Thursday, August 26, 2010

Yom Kippur and the Symbolism of Jonah's Spiritual Journey

OT SS Lesson #33 -- originally posted at Mormon Matters
If your ward happens to be just a little bit behind on the Sunday School lessons, you might experience the synchronicity of having the Book of Jonah read on Yom Kippur.  This year, the Jewish holiday falls on September 18 (close enough to Sunday the 19th!) and Jonah is traditionally read as part of the celebration.
Yom Kippur (the Day of Atonement) is the holiest and most widely observed day on the Jewish calendar.  It is a day of fasting, lengthy confession of sins, prayer, and repentance.  Jonah’s prophecy is included in the liturgy for that day as a symbolic spiritual journey that each person undertakes.  I think the symbolism in Jonah’s story is very meaningful and I’d like to explore it in depth here.

Thursday, August 19, 2010

Adversity and Job

OT SS Lesson #32 -- originally posted at Mormon Matters
After the Satan figure is given permission to afflict Job as a test of his faithfulness, three of Job’s friends, Eliphaz, Bildad, and Zophar, come to visit him, sitting with him in silence for seven days. On the seventh day, Job speaks, beginning a conversation in which each of the four men shares thoughts on Job’s afflictions and adversity in general in profound poetic statements.  This is a lengthy dialogue between characters who alter their moods, question their motives, change their minds, and undercut each other with sarcasm and innuendo. Although Job comes closest to doing so, no single character articulates one true or authoritative opinion. Each speaker has his own flaws as well as his own lofty moments of observation or astute theological insight.  I believe the Book of Job is a jumping-off point for the reader to deeply explore questions of theodicy and the difficulty of understanding why an all-powerful God allows good people to suffer.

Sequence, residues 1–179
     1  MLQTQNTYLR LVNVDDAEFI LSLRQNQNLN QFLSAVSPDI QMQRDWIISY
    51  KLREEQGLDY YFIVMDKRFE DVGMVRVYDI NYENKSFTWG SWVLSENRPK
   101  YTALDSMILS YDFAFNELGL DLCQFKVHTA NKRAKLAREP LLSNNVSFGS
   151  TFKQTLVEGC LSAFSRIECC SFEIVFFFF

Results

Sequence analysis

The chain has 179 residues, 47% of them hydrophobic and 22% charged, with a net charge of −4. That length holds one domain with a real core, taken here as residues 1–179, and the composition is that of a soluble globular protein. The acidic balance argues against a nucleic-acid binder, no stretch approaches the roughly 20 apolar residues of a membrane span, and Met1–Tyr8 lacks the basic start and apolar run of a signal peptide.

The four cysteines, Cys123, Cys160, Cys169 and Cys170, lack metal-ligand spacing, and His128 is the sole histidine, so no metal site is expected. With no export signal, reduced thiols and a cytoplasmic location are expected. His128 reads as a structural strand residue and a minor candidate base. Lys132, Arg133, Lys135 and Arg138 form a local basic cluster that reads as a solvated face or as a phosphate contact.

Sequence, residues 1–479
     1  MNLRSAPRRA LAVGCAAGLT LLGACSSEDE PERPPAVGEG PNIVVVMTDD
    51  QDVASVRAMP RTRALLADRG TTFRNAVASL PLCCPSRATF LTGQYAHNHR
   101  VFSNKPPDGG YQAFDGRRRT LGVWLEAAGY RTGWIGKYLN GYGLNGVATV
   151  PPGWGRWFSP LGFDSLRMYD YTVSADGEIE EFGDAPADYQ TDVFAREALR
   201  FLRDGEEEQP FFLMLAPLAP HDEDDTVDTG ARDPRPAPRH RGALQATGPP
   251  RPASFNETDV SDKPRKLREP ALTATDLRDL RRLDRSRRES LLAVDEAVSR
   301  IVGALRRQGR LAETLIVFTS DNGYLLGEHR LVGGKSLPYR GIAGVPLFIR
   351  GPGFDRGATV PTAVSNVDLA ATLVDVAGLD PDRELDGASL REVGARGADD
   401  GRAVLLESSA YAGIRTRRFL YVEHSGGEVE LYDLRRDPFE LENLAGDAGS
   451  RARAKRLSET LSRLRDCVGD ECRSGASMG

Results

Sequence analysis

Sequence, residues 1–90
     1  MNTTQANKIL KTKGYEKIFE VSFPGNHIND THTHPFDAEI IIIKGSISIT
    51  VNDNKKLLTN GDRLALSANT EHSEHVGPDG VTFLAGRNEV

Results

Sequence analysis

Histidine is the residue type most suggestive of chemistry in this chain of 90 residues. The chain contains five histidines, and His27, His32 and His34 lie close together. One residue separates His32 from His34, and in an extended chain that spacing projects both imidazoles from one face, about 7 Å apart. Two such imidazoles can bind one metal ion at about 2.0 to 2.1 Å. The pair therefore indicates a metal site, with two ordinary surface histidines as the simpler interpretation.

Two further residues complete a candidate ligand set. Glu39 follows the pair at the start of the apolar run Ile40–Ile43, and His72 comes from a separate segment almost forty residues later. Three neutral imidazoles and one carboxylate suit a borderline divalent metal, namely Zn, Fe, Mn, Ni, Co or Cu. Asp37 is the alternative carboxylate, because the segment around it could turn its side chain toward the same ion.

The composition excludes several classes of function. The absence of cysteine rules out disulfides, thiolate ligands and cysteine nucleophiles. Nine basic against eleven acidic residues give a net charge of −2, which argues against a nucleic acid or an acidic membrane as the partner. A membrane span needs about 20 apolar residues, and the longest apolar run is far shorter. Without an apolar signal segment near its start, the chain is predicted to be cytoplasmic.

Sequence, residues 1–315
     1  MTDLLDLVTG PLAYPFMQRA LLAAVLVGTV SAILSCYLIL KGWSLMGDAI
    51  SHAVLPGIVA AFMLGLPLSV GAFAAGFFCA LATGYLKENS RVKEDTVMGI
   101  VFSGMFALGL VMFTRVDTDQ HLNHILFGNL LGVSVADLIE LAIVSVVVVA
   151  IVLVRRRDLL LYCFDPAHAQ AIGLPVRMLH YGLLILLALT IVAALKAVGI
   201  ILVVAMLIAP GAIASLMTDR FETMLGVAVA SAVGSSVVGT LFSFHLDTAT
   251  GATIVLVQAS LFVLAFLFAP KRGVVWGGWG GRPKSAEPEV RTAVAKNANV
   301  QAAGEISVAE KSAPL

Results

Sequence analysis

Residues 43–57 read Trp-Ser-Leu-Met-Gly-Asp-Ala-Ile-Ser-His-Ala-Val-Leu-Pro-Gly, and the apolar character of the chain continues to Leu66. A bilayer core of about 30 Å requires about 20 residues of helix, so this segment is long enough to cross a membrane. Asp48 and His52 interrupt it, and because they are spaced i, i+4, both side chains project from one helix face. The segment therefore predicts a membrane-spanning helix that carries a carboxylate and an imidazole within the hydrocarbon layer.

Saturday, August 14, 2010

Sophia of the Proverbs and the Feminine Divine

OT SS Lesson #31 -- originally posted at Mormon Matters
Feminist readers of the scriptures are well aware of the passages in Proverbs 8 which personify Wisdom (GK Sophia, HEB Hokhmah).
These passages affirm that Sophia was there when God made the earth and acted as a partner with God in the creation. This idea fits in well with my conceptualization of the male/female duality of the Divine. The passages can be interpreted as instructions to the earnest seeker to discover and follow the promptings of a Heavenly Mother:

Thursday, August 5, 2010

Discussing the Temple Initiatory from a Faithful Female Perspective (#2)

Posted on Mormon Matters 5 Aug 2010
I recently had my temple recommend renewed and I’ve been thinking about the temple initiatory for women and wishing I could discuss it from a faithful, feminist perspective. Unfortunately, there are some obstacles which stand in my way of doing this. Number one, of course, is the proscription from discussing certain sacred aspects of the temple. I’m a bit more liberal than many in talking of my temple experiences. I think there are certain parts in the temple which we are clearly told not to discuss, and I’m willing to draw the line there. But can we talk about the initiatory?